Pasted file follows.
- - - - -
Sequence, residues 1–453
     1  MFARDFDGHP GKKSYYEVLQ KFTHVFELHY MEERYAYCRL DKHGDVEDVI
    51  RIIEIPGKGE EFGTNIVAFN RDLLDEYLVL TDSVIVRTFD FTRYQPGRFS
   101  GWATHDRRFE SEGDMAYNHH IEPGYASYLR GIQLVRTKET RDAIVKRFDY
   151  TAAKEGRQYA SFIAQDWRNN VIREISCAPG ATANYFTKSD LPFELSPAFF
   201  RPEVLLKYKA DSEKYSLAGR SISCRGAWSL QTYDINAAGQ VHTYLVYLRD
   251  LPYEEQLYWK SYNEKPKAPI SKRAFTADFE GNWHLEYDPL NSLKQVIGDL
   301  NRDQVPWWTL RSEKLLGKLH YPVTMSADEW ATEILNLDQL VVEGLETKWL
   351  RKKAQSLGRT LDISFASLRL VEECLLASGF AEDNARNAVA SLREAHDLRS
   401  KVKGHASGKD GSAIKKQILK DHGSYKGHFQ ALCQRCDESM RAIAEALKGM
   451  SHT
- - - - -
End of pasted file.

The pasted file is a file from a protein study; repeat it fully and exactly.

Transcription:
Sequence, residues 1–453
     1  MFARDFDGHP GKKSYYEVLQ KFTHVFELHY MEERYAYCRL DKHGDVEDVI
    51  RIIEIPGKGE EFGTNIVAFN RDLLDEYLVL TDSVIVRTFD FTRYQPGRFS
   101  GWATHDRRFE SEGDMAYNHH IEPGYASYLR GIQLVRTKET RDAIVKRFDY
   151  TAAKEGRQYA SFIAQDWRNN VIREISCAPG ATANYFTKSD LPFELSPAFF
   201  RPEVLLKYKA DSEKYSLAGR SISCRGAWSL QTYDINAAGQ VHTYLVYLRD
   251  LPYEEQLYWK SYNEKPKAPI SKRAFTADFE GNWHLEYDPL NSLKQVIGDL
   301  NRDQVPWWTL RSEKLLGKLH YPVTMSADEW ATEILNLDQL VVEGLETKWL
   351  RKKAQSLGRT LDISFASLRL VEECLLASGF AEDNARNAVA SLREAHDLRS
   401  KVKGHASGKD GSAIKKQILK DHGSYKGHFQ ALCQRCDESM RAIAEALKGM
   451  SHT